Flashcards in Biology cell organisation Deck (48):
What is an organ?
A group of different tissues that work together to perform a certain function
The organ stomach, what tissues are they made up from and what are there functions?
-Muscular = moves stomach wall to churn up food
-Glandular = makes digestive juices
-Epithelial = covers the out and inside of the stomach
What is a organ system?
A group of organs working together to perform a particular function.
What organs are the in the digestive system and what do they do?
-Glands= produce digestive juices
-Stomach= digest food
-liver= produces bile
-small intestine= absorbs soluble food molecules
-large intestine= absorbs water from undigested food, leaving faeces
What do organs work together to make?
What is a catalyst?
A substance which increases the peed of a reaction, without being changed or used up in the reaction
What is the lock and key theory?
When the enzyme has an active site with a unique shape, this needs a substrate to fit into its active site
What do carbohydrases convert carbohydrates into, and where are they made?
Simple sugars, they are made in the salivary glands pancreas and small intestine
What do proteases convert proteins into, and where are they made?
Amino acids, they are made in the stomach, pancreas and small intestine
What do lipases convert lipids into , and where are they made?
Glycerol and fatty acids, they are made in the pancreas and small intestine
Where does bile come from?
The gall bladder
What does bile do?
It neutralises the stomach acid and emulsifies fats
What does the small intestine produce?
Protease, amylase and lipase enzymes for digestion
Where are the protease, amylase and lipase released from the pancreas?
The small intestine
What is the breakdown of food catalysed by?
What PH do stomach enzymes work best?
At a low PH
What PH do small intestine enzymes work best?
At a higher PH
What is the formula for rate of reaction?
Rate = 1000/time
What test do we use to test for sugars , and what colour will it go if its positive?
Benedict's, green , yellow or brick-red
What test do we use to test for starch , and what colour will it go if its positive?
Iodine solution, black or blue-black
What test do we use to test for proteins, and what colour will it go if its positive?
Biuret, pink or purple
What test do we use to test for lipids, and what colour will it go if its positive?
Sudan III, two layers it will be red on the top if positive
Where does the air you breathe go through, this splits into 2 tubes what is it called?
The trachea, slits called bronchi= one going up to each lung
What are the smaller tubes after the bronchi?
Bronchioles, these then go into small bags called alveoli, where gas exchange take place.
What does the right ventricle pump, and where does it go ad take?
Deoxygenated blood to the lungs to take in oxygen
What doe the left ventricle do?
Pumps oxygenated blood around all the other organs of the body. The blood gives up its oxygenated cells and the deoxygenated blood returns to the heart to be pumped out to the lungs again.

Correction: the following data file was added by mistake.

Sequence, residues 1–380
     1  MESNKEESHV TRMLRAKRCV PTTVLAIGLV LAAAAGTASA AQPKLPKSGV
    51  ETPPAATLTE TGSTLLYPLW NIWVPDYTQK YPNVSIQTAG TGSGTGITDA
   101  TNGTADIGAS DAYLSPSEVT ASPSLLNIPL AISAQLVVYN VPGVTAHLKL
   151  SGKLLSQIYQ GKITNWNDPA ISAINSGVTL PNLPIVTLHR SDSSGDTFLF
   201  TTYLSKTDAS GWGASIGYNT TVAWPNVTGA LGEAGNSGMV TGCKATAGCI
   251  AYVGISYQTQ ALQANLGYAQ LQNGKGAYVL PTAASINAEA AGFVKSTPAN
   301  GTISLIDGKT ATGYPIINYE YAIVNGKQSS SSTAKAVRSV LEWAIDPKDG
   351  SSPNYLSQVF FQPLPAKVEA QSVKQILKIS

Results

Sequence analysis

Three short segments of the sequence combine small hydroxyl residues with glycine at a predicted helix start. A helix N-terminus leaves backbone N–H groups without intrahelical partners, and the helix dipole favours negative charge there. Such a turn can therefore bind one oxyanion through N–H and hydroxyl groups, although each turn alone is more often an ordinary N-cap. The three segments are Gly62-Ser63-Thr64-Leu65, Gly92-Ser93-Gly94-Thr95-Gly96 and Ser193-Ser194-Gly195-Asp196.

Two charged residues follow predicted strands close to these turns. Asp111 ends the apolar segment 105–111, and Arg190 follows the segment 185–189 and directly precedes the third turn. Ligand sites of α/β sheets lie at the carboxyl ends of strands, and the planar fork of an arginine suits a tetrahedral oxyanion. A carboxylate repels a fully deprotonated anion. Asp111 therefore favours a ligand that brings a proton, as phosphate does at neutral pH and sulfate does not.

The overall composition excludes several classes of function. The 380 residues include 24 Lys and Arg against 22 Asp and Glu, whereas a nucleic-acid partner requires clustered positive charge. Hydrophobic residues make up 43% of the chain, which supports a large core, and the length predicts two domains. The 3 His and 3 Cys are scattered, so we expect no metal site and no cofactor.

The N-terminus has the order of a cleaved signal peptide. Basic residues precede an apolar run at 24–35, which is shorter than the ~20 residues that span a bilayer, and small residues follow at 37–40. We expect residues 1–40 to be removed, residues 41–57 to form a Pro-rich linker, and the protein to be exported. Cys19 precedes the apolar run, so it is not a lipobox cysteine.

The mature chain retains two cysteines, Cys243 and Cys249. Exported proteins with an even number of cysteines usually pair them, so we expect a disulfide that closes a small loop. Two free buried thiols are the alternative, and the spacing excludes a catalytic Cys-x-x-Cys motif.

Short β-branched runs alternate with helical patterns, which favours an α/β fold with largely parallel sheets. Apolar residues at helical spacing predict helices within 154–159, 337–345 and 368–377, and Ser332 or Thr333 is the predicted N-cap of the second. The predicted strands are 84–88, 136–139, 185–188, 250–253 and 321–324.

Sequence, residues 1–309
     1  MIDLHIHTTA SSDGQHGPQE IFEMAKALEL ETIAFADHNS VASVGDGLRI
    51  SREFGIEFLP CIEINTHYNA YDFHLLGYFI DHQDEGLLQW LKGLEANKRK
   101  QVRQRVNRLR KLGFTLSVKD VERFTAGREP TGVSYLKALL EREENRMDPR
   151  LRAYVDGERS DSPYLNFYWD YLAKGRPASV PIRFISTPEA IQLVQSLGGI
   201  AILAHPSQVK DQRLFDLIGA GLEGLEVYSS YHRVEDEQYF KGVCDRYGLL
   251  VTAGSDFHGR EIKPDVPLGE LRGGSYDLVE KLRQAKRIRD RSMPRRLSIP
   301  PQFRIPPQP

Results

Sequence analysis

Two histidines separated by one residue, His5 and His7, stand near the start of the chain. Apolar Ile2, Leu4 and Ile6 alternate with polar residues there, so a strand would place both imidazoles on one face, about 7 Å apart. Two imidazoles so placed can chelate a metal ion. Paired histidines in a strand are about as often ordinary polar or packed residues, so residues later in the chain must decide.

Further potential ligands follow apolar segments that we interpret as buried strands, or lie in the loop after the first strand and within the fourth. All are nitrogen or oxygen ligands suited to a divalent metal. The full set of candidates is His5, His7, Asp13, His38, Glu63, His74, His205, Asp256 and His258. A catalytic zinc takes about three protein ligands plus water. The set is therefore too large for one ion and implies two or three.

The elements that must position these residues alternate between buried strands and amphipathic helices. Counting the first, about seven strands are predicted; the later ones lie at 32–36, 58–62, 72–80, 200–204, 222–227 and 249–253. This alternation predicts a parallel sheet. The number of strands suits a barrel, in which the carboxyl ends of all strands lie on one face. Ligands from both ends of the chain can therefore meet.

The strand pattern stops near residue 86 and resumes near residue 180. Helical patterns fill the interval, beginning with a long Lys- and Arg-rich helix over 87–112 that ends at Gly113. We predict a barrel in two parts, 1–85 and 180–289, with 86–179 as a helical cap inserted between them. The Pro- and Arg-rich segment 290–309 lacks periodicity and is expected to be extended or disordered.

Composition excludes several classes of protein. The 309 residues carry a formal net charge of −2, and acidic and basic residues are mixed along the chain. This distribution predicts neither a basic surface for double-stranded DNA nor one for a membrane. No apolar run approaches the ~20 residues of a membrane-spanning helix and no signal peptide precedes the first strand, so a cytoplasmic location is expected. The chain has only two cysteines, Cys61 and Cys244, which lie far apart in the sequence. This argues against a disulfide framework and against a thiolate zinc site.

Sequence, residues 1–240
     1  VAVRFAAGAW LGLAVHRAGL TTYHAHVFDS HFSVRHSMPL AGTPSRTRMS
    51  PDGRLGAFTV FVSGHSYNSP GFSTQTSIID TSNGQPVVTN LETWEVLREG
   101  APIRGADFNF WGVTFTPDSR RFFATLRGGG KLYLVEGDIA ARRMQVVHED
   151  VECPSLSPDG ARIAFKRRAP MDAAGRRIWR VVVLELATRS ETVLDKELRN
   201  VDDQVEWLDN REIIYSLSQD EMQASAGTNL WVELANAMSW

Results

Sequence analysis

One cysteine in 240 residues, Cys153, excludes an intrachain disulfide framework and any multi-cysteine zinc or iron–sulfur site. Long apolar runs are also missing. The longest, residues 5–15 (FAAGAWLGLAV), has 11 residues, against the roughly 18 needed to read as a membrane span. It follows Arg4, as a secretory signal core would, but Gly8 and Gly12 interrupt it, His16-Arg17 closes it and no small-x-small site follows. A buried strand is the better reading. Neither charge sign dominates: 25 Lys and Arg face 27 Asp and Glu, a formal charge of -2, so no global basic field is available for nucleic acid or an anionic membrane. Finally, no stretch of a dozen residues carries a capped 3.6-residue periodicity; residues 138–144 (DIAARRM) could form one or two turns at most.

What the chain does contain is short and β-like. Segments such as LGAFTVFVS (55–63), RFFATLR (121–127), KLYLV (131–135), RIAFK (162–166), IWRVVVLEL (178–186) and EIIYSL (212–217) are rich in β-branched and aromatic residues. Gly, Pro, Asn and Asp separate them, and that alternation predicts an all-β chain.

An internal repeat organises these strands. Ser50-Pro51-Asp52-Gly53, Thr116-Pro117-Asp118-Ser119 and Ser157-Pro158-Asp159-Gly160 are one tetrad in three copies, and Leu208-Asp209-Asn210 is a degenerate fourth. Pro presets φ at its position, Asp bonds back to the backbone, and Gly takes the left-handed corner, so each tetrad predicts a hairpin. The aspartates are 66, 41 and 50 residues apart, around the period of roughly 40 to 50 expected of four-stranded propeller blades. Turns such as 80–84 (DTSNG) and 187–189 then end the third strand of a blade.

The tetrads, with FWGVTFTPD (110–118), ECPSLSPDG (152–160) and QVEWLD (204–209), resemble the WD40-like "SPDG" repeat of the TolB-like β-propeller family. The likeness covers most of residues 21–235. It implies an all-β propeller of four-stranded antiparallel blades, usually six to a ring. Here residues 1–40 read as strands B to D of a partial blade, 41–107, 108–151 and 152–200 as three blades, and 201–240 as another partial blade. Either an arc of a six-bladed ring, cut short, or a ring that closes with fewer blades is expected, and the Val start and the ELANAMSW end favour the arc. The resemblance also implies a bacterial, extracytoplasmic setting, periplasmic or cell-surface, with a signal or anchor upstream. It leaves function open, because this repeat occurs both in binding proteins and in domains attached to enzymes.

What are the 4 chambers f the heart?
right atrium, right ventricle, left atrium and the left ventricle
What happens when the heart contracts?
Blood flows into the2 atria from the vena cava and the pulmonary vein, then the atria contracts, pushing the blood into the ventricles, the ventricles contract forcing the blood into the pulmonary artery and the aorta out of the heart. The blood then flows through the organs through arteries and returns through the veins, the atria fill again and the whole cycle starts over
What does the arteries do and what are they like?
They carry blood away from the heart under pressure. They have thick layers of muscle and strong elastic fibres, the walls are thick compared to the lumen(the middle bit)
What does the capillaries do and what are they like?
The capillaries are very small and they carry the blood very lose to every cell, they have permeable walls the also supply blood and oxygen and are only one cell thick
What does the veins do and what are they like?
The veins take the blood back t the heart, the capillaries eventually join up with the veins, the blood is in lower pressure in the veins, they have a bigger lumen than the arteries to help the blood flow through they also have valves to keep the blood flowing in the right direction
What is the pigment called in a red blood cell?
What help blood to clot?
What liquid carry's everything in the blood?
What does a stent do?
Pushes fatty deposit out of the artery
What do statins do?
Reduces the cholesterol in the blood
What is the difference between a communicable and a non-communicable disease?
C diseases spread from person to person or animals and people where as N-C disease that cannot be spread from people to people
What is cancer caused by?
The uncontrolled cell growth and division
What is the role of the epidermal tissue?
covers the whole leaf
What is the role of the palisade mesophyll tissue?
where most photosynthesis happens
What is the role of the spongy mesophyll tissue?
contains big air spaces to allow gases to diffuse in and out of cells
What is the role of the xylem and phloem?
to transport water, mineral ions and food around the plant
What is the role of the meristem tissue?
are able to differentiate into different types of cell, allowing the plant to grow
What do phloem tubes transport?
Food made in the leafs to the rest of the plant this transports in both directions, this is called translocation
Whereto xylem tubes take water?
Up, they carry water and mineral ions from the roots to the stem and leaves this then comes out the leaves called transpiration
What is transpiration?
The loss of water from a plant
What 4 things is transpiration affected by?